It will also help, of course, that I will be taking all the correct medication while I'm making it up...

The Beamish Boy and I have spent a very happy weekend of celebration, as he turned 22 on the 9th. There has been chocolate cake. There have been presents and cards. There has been Scrabble. Which I lost. There have been "Woo"s, and there have been "Hoo"s.There has been Excitement. There has been Adventure. There have been Really Wild Things.

So please join me in wishing a Jolly Spiffing Birthday to the Beamish Boy, 'cause if anyone deserves one, he does :)

He has also added a dedicated blog to his business website, which is wittily called Cat Blog Sine Theta. There's only one entry at the moment, but he's going to use it to break updates on the business as well as comments on the design process itself.

And finally, more news of Tigger. I overheard two of my neighbours discussing him recently. He was sat looking out of the window, and they were stood just outside it. I don't think they knew I was there, so I couldn't suddenly pop up and join in, but I was delighted to hear what they said:
"She's a bonny little cat, isn't she?"

"Oh yes. Very friendly, too."

"I mean, I'm calling her 'she'; I don't know whether she is. All cats look female, don't they?"

"She sometimes comes and lies on my sofa, you know. People must think I'm mad when they see me in the kitchen talking away to no one, but I'm talking to the cat. She's very good company."
I shan't worry so much, now, when he doesn't fancy his supper; I shall assume he's eaten with one of his friends :)

Tigger says, "You can never have too many friends. Especially if they have food..."


Sunday, June 03, 2007

My Name Is Not Mavis

The Beamish Boy and I are not generally big fans of Reality TV. "Real people" aren't half as entertaining as actors pretending to be real people. One of our exceptions, however, is The Apprentice UK.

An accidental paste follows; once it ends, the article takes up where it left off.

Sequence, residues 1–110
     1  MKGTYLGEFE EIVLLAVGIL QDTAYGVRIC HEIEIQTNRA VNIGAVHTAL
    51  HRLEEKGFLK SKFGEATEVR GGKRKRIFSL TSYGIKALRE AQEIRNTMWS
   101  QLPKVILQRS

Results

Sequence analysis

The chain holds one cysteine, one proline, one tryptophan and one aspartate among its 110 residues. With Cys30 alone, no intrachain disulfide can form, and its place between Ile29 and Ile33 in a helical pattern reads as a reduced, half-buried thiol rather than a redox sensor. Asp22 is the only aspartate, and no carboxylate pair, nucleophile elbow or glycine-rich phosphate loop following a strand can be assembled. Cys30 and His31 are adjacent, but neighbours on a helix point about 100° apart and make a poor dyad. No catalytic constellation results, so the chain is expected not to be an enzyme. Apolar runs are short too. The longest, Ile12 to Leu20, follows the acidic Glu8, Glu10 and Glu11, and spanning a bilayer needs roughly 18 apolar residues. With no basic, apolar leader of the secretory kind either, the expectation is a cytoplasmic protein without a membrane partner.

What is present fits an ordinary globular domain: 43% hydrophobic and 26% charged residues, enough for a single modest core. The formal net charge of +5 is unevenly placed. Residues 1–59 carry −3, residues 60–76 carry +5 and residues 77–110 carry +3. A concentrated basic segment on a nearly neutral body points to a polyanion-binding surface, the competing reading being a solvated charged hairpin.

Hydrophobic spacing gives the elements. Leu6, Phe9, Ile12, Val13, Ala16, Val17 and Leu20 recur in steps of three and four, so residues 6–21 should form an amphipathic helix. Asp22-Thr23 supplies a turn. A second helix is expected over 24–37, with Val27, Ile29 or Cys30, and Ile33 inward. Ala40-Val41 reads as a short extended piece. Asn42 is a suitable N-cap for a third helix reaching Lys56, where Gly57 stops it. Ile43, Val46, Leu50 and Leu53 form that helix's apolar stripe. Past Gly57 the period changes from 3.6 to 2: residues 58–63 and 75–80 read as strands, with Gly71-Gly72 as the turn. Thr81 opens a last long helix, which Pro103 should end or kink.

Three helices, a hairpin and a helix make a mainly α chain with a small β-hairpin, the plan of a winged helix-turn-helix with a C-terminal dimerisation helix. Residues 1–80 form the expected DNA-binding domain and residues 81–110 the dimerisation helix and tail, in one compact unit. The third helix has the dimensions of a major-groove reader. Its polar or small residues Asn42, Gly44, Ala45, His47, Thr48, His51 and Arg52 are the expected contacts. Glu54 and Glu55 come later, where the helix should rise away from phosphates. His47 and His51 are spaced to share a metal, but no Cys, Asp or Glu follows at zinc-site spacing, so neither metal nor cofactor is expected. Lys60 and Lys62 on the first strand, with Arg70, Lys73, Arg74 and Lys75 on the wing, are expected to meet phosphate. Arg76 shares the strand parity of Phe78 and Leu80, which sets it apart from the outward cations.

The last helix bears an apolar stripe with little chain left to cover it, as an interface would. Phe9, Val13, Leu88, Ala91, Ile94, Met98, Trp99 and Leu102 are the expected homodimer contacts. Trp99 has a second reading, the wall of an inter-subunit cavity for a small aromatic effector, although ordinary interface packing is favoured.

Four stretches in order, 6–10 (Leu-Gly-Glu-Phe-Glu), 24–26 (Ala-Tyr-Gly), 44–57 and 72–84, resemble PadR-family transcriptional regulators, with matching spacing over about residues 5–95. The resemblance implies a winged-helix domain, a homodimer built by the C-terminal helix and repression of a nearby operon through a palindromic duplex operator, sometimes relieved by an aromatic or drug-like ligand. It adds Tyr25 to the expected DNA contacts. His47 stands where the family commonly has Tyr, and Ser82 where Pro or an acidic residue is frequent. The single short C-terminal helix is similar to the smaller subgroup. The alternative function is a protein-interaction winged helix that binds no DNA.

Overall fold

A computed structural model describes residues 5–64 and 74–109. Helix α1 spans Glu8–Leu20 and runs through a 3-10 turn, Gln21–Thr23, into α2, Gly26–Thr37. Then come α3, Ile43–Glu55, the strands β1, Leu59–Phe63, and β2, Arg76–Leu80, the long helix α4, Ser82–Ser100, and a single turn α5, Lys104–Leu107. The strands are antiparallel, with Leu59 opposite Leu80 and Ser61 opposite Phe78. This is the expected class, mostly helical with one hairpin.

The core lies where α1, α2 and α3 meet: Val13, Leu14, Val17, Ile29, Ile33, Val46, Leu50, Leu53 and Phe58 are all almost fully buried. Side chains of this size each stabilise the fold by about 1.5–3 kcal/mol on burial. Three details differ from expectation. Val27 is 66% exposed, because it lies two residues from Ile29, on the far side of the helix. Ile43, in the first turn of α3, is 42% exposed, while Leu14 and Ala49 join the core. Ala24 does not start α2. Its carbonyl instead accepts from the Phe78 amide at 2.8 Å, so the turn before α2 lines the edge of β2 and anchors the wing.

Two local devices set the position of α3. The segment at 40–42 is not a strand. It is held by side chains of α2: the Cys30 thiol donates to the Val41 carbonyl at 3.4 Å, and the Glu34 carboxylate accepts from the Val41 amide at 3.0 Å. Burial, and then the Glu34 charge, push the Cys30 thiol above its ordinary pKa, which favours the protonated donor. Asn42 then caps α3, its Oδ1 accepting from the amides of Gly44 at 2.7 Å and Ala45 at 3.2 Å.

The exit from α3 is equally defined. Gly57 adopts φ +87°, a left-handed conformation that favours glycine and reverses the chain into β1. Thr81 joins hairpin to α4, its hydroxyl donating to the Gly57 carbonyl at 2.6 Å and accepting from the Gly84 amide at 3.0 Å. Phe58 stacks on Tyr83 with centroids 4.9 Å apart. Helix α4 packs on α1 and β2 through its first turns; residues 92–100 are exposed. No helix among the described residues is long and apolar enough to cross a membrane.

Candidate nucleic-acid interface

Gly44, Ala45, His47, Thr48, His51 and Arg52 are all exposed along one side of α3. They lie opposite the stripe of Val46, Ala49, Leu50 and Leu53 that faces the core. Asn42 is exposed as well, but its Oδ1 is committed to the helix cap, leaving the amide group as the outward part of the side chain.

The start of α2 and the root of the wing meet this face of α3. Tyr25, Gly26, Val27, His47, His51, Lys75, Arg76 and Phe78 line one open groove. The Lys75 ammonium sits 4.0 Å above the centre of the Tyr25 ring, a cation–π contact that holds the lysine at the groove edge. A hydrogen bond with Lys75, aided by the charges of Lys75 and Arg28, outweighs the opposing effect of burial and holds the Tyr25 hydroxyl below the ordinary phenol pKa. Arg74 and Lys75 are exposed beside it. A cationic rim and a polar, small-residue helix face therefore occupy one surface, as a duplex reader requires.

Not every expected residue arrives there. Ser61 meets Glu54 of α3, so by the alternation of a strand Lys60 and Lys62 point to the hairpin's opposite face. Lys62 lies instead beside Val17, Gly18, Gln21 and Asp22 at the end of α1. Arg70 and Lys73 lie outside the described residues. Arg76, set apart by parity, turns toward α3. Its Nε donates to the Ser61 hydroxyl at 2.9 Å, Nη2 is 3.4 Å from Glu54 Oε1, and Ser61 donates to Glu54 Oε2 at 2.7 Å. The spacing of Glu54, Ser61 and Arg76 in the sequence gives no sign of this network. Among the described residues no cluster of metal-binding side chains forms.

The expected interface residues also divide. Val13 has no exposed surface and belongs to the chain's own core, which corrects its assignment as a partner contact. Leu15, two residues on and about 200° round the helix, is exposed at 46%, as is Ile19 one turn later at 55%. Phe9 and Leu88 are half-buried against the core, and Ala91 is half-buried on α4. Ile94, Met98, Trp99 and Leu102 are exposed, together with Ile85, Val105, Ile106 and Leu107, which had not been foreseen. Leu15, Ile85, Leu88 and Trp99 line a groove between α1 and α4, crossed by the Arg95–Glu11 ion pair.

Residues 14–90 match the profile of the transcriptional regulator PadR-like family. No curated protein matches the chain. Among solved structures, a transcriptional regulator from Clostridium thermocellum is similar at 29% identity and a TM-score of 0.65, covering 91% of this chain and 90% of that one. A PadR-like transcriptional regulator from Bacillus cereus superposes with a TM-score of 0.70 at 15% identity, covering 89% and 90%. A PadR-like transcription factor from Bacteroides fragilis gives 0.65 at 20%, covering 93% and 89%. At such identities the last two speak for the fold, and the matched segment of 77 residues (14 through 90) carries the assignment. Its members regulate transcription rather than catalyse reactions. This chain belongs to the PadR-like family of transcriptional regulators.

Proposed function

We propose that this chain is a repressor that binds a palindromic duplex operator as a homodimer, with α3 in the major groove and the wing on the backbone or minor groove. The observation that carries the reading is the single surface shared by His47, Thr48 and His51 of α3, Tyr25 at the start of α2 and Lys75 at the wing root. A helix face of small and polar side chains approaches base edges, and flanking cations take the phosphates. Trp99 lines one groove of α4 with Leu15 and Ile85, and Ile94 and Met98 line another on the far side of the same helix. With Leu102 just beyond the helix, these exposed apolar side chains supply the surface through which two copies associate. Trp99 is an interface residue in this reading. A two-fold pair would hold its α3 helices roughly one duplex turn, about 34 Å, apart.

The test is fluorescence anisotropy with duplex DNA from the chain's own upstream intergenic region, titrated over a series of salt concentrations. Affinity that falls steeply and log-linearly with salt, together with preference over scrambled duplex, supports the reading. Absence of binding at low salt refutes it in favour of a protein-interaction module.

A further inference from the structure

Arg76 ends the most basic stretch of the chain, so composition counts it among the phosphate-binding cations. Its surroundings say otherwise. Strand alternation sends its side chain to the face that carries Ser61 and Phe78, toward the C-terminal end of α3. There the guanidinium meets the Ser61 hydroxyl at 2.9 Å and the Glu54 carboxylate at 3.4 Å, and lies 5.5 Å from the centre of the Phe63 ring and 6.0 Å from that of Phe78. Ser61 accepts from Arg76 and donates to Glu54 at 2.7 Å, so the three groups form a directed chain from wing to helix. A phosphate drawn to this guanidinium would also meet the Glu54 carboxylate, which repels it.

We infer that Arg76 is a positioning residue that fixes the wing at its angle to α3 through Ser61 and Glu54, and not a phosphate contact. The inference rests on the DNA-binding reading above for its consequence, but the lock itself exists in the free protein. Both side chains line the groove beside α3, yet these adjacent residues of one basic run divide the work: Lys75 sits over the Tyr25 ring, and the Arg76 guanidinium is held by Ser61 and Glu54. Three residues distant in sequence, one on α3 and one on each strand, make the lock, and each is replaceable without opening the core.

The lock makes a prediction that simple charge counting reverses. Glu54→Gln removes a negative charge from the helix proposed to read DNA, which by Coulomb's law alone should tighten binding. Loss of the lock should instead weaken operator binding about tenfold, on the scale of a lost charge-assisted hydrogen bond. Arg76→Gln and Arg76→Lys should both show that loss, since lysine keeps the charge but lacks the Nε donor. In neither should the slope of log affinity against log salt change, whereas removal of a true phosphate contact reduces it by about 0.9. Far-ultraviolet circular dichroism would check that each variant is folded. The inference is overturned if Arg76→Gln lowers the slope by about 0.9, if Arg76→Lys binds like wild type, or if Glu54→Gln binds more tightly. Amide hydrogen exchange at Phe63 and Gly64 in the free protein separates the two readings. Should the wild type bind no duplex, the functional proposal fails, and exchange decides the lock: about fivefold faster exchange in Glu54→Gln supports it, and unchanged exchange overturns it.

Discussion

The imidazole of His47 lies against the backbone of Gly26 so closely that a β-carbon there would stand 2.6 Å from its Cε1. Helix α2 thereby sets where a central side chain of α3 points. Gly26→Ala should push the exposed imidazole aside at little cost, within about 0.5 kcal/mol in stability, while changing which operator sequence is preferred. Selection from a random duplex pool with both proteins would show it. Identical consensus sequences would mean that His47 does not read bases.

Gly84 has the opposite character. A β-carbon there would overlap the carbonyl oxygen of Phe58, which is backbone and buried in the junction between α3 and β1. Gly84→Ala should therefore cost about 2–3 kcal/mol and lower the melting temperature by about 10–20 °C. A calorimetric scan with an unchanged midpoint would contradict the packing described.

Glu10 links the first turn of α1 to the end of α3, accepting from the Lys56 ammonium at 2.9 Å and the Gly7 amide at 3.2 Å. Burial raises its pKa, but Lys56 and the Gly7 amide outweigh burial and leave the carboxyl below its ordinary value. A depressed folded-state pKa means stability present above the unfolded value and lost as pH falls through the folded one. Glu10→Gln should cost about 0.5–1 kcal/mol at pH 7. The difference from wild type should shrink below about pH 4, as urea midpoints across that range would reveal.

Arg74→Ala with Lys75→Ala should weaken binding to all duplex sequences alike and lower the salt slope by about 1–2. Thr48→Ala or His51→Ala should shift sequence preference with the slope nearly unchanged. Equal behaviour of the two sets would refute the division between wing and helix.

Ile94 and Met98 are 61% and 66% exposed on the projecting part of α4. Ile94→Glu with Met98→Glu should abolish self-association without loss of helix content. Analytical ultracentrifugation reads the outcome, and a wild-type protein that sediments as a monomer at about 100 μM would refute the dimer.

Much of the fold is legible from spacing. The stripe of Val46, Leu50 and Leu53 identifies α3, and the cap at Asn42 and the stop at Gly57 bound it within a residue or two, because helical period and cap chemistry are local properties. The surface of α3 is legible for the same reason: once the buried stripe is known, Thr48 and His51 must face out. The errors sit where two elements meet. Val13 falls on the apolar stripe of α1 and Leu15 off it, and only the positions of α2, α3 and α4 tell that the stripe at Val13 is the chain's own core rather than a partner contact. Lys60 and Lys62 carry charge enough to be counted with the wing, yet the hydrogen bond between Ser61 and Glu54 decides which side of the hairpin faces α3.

Unusually, we haven't picked a favourite this season, and not just because The Badger didn't win last time. It's just that, this year, they all seem equally snide, bitchy, and generally useless as each other. I must say, though, that we would certainly not pick Katie under any circumstances.

Last week's task was to pick items to sell live on a home-shopping TV channel. Katie has a tendency to personalise her target market by giving them a name and personality traits. Thus she came out with this gem:
My imaginary consumer is Mavis. I assume it's a "Mavis" because I assume it's someone who's got a massive bust, who knits a lot, who's got bugger all going on in their lives, and spend their entire time watching the TV just for some sort of companionship. I might be over representing the "saddo" bit, but I think that's what we need to be doing; we need to be talking and selling to Mavis.
I have one thing to say to this over-made-up, dark-rooted, smug suit:

Things can change in the blink of an eye, and your health is much less set in stone than you may think. I came home one night (in my business suit and high heels), ran up the stairs, slid down the wall at the top, and have barely been able to leave my bed since.

You may think I don't have much going on in my life, but I bet it's a damn sight more fulfilling than yours. I don't have to spend my time stabbing other people in the back, slapping on a fake smile, and generally working myself into an ulcer and an early grave. I can be me. I can have real friends. OK, so I've lost a few since I became ill, but I know that the ones that are left are true friends.

Knitting gives me not only mental and physical exercise, but a boost to my self-esteem every time one of my patterns is published. Also it is the means by which I have met some of the most fascinating and genuine people in my life.

So don't you dare look down on people like me. If I had the choice, I still wouldn't be you - with or without a job with Sir Alan Sugar.


Tigger says, "Let me see that manicured hand..."